Employees are now back at the plant and production has restarted, said a P&G spokeswoman. "The plant restarted operations Saturday evening," Susanne Dusing told Reuters.

Fortunately, the bulk of P&G's unroasted coffee for its Folgers and Millstone brands is stored in giant silos which were unharmed by the storms.

Dusing could not say exactly when the plant would return to full production capacity. The Folgers plant generally churns out more than half of P&G's coffee and garners almost a third of the U.S. coffee market.

But the normal flow of coffee shipments to roasters -- large or small -- can take time as the once bustling port in the Crescent City struggles to get back to normal.

Before the storms hit, warehouses in the port of New Orleans held about 1.6 million 60-kg bags of unroasted beans, or about 26 percent of supply for the United States, which is the world's biggest coffee consumer.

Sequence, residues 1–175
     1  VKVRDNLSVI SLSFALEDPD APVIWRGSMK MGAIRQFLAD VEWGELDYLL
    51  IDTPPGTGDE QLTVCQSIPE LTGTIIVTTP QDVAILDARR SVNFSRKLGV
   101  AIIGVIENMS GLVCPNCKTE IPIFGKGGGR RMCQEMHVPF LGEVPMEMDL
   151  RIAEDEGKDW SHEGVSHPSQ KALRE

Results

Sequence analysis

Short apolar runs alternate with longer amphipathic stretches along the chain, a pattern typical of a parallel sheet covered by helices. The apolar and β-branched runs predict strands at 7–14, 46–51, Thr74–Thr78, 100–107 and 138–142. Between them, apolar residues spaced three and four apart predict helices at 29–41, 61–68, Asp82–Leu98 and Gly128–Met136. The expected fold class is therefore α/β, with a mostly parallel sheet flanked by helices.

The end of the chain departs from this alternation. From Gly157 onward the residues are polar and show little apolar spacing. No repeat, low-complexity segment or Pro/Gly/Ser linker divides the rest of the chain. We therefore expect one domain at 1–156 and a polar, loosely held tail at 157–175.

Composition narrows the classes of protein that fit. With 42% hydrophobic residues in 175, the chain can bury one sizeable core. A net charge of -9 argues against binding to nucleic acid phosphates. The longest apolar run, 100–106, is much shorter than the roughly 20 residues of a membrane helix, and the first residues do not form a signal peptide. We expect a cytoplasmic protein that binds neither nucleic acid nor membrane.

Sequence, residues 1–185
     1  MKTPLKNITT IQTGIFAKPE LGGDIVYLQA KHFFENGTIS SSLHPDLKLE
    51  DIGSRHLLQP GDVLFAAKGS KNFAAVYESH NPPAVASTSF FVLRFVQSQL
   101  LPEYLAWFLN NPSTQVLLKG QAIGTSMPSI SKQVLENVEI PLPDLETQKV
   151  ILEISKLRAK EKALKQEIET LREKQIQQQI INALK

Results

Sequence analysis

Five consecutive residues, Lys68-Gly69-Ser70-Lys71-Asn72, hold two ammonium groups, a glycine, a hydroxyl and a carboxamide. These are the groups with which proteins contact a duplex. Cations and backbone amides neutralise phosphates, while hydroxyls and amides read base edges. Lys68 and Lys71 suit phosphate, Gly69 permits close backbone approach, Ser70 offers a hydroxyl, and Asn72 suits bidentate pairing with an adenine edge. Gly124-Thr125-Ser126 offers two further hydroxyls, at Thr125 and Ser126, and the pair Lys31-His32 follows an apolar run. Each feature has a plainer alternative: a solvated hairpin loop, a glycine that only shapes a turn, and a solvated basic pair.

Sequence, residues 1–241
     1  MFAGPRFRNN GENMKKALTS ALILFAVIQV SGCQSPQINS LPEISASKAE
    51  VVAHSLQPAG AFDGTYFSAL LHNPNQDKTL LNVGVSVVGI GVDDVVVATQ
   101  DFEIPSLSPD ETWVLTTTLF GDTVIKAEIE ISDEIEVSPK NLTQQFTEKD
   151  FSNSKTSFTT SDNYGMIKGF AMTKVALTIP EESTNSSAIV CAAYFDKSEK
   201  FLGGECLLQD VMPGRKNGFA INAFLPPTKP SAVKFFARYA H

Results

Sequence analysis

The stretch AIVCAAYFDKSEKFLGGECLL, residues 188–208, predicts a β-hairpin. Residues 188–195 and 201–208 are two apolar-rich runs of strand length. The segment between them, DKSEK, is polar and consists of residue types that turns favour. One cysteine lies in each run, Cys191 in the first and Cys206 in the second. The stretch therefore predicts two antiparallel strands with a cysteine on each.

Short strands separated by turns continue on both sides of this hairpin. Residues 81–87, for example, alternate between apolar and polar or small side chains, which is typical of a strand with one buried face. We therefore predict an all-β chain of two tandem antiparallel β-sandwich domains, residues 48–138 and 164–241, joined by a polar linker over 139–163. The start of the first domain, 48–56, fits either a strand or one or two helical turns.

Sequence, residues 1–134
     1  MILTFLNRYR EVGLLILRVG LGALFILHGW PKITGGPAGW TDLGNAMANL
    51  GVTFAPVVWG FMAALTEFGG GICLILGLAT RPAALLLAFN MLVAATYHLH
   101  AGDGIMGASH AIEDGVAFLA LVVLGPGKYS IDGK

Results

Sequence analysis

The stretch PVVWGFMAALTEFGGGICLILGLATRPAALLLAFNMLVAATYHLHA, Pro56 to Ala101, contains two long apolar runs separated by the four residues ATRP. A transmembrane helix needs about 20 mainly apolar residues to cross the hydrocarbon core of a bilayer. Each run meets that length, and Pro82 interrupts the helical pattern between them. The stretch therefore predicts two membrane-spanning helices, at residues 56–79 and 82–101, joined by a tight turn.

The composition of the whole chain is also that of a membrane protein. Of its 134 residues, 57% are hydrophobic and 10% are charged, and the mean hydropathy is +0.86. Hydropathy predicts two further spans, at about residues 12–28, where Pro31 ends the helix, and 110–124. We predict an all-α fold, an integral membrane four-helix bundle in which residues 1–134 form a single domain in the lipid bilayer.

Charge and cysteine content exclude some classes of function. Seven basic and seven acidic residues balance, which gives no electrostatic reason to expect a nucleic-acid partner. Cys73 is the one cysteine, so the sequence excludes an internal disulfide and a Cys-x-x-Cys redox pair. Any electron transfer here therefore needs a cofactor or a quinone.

Coffee traders reckon damage from the storms amounted to anywhere from 100,000 to 300,000 bags of coffee -- based on preliminary reports from warehouse operators.

"Maybe the damage could be 200,000 bags or 300,000 bags," said one Florida-based coffee buyer. "But nobody knows exactly," he said, adding "it's going to take a while" to find out.

Coffee inspectors must first get into the warehouses before they can inspect and sample the quality of the beans. The longer the coffee sits, the more vulnerable the beans are to moisture, humidity and odor, Judy Ganes of J Ganes Consulting told Reuters.

"Humidity and moisture is probably the worst thing that could happen for coffee," she said, pointing out that the beans have a tendency to swell as they absorb moisture.

The New York Board of Trade has about 734,000 bags of certified coffee in warehouses in New Orleans which are deliverable against the exchange's futures contracts.

Right after Hurricane Katrina flooded New Orleans, NYBOT declared force majeure for its coffee there. It also prohibited the certification of new stocks at the port until further notice. Officials have yet to release any statement about the state of the coffee.

"People are looking for answers that aren't easy to come by," said Ganes. "The exchange does not want to do anything rash."